In 30-plus years designing golf courses, Doak has proved far more than a course architect. Through his design capabilities and his writing, even the odd post on a website, he is seen as something of an evangelist — for treeless/minimalist design styles, for the merits of 19th century golf, for layouts that might otherwise operate in total obscurity. In 2018, for example, he praised Waverly GC in the pages of his Confidential Guide to Golf Courses, Vol 5. Located three miles from the Tasman Sea, clear across the North Island from Cape, WGC has since taken on something approaching cult status, compete with regional rankings and pilgrimages from far-flung Doak acolytes. Ironically, I have it on good authority that Waverly has gone ahead and planted a bunch of trees along some of its previously unadorned fairways. According to one Waverly GC member/wag, this was undertaken so that when Tom Doak comes back, “We will look like a proper golf course, with trees!”

“When I went to Waverly,” Doak says, “there was nobody there in the tiny clubhouse. We went in the locker room to see if there was someone to pay. Nope. But there were all these signs: ‘No Golf Shoes in Clubhouse’. Why so precious? we all wondered. Well, there’s a balance: You can get the fairways playing pretty good with sheep all over them. But they produce a lot of shit, and folks don’t want that in the clubhouse. It’s a fine line.”

All feces aside, modern folk might be surprised at just how practical and playable NZ’s country golf model can be. For starters, putting surfaces are maintained more or less to modern standards, but for the fencing. Even with sheep on the job, fairways are mowed, if less frequently. Under these conditions, decent turf can be maintained — typically without any irrigation, especially in temperate climates like New Zealand’s North Island, or Scotland’s. Golfers spoiled by 21st century conditions may not realize it, but turfgrasses adapt quite well to natural weather variations and/or livestock-induced trauma. Indeed, those plants that cannot adapt will die off, allowing hardier varieties to take their place.

This is part of the lasting allure of The Farm, so far as Doak is concerned. Where else could one develop a 19th century course, on such superb terrain, and place it beside something so magnificently modern and manicured as Cape Kidnappers GC? It’s not that one track would prove better or more enjoyable than the other. But rather, their wildly divergent experiences would complement, contrast and enhance one another.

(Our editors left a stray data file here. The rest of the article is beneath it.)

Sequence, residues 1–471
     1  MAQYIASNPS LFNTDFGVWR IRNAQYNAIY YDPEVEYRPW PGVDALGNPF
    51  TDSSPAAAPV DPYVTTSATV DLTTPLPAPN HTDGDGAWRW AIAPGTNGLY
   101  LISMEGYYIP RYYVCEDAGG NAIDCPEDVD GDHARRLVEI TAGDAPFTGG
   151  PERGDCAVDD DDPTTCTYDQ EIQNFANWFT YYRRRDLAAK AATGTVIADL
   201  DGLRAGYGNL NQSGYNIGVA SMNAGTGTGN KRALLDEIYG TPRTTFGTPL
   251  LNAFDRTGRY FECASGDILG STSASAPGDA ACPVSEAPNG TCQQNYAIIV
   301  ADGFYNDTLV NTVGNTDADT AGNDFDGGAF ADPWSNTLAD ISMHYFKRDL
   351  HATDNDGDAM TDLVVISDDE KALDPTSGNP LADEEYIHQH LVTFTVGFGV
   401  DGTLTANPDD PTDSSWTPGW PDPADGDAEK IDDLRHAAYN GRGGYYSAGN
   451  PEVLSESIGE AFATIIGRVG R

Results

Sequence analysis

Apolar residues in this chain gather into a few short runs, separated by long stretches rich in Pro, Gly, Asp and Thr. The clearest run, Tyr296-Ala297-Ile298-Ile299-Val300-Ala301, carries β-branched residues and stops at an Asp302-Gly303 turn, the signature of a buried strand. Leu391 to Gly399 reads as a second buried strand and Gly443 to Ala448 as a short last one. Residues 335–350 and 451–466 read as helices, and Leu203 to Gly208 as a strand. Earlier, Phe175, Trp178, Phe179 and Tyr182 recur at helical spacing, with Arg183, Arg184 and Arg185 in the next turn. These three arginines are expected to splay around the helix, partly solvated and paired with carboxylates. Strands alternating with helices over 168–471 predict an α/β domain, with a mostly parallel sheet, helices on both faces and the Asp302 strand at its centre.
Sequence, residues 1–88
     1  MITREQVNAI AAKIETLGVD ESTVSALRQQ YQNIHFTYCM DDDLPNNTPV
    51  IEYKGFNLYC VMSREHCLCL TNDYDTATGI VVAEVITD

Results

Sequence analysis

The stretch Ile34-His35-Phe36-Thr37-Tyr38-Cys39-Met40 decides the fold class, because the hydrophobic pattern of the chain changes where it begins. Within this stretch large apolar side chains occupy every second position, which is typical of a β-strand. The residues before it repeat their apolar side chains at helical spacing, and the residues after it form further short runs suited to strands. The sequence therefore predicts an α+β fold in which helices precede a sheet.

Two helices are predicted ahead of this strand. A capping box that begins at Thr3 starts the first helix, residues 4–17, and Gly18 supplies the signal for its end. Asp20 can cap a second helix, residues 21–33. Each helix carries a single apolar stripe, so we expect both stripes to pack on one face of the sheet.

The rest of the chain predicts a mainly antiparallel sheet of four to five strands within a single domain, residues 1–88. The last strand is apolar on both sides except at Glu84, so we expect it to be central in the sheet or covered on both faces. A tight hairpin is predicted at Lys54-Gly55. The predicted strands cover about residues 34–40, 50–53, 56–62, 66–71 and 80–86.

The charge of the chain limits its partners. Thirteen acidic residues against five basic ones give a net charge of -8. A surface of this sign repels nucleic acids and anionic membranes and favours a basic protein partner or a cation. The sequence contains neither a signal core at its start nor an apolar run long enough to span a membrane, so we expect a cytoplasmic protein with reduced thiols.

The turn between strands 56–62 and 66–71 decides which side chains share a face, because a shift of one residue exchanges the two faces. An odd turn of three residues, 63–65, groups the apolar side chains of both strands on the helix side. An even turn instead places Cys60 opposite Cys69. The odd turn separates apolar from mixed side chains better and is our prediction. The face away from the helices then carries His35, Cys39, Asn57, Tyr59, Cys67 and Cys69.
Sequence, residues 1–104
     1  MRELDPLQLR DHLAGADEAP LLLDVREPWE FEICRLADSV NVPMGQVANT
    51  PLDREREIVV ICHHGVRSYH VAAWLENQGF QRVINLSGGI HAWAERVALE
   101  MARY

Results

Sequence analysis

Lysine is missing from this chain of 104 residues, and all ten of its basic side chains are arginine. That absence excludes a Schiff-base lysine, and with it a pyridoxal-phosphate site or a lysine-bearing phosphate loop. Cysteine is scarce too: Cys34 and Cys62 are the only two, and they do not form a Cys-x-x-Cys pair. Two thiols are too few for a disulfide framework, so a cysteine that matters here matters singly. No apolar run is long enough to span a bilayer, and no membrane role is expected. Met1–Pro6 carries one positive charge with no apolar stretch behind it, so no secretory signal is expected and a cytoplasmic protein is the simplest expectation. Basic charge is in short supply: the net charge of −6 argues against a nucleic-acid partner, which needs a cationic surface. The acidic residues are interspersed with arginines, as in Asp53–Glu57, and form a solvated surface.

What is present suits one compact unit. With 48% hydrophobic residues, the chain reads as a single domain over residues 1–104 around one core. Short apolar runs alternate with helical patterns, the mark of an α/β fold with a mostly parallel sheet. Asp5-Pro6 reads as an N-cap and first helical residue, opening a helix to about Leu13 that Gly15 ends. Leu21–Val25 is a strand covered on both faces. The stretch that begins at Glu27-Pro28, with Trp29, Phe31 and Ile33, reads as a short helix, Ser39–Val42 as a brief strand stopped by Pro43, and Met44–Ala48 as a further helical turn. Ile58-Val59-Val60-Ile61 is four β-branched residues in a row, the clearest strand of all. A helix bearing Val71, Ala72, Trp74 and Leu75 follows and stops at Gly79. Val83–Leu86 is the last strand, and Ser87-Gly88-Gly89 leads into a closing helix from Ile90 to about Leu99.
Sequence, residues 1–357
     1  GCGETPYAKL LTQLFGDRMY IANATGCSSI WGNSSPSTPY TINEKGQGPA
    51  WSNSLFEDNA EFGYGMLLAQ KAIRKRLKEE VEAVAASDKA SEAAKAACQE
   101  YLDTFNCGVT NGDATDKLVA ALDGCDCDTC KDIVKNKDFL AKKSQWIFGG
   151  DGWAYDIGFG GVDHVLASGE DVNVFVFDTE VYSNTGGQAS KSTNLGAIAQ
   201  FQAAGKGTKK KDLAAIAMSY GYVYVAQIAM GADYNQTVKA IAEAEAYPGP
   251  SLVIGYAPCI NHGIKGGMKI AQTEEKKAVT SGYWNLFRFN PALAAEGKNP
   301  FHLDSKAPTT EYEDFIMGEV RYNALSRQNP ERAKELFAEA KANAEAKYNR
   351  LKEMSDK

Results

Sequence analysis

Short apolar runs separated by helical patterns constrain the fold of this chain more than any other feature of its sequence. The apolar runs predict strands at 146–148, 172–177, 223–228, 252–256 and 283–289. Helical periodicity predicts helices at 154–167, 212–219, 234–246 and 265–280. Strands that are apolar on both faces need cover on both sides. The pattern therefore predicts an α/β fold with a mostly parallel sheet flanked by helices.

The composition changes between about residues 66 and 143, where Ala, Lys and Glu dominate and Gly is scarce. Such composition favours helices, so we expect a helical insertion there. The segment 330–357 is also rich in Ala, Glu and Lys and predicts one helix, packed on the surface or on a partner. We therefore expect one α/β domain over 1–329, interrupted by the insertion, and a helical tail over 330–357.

A ny discussion of the 18 holes Doak and Hepner routed at The Farm, back in 2008, must hinge on the land itself. The vast Cape Kidnappers property occupies the entire peninsula, yet much of the most suitable golfing terrain, existing and proposed, occupies an west-facing portion that overlooks Hawkes Bay. Aerial photos confirm Doak’s first impressions upon landing in that helicopter: Closer to sea level and north of his 2004 layout, three relatively level parcels are divided up by two river valleys that meet before flowing as one into the sea. Together, as Doaks routing attests, all three lobes would accommodate 18 exceptional golf holes. 

“I could see starting close to the existing course and working down into that valley,” Doak says. “It’s pretty steep, and we never did figure out a practical way to get down there [from the existing clubhouse]. But if you take the road out there, it goes along the edge of the clifftops. Where it does that, you’ve got a view of the first lobe, out to the point, with the Shark’s Tooth in the distance. Our 1st hole would start there, a short par 5: You’d hit over the corner of the river and down to the flat. Probably a pretty hard opening hole but one of the great opening holes in golf. Very dramatic.

“The second hole is par-3 back over the ravine that flanks no. 1: 150 yards with a 100-yard carry. Holes 3 through 8 are all on that side of the big river that winds through that piece of property. Nine plays diagonally across the same river to another lobe of this property, and that’s the second bridge we’d require.

“I thought some of the coolest land was over on that lobe, 10 to 14. They’d be parallel holes, in a field basically, but the tee for 10 sits on a point with the river wrapping around it: an Alps hole on a pretty crazy scale. I remember a really good green site at 11, while 13 is a short dogleg around the base of a mountain, with just enough room for a fairway — and a green wrapping around the back of it. Crazy dramatic hole there.

“From there you had to take another bridge, then the 2nd hole bridge, to reach 15 tee. That fairway then plays out to the point where Julian wanted the lodge originally. We thought about just ending there, and we could do it differently. But we had 18 coming back inland from there.”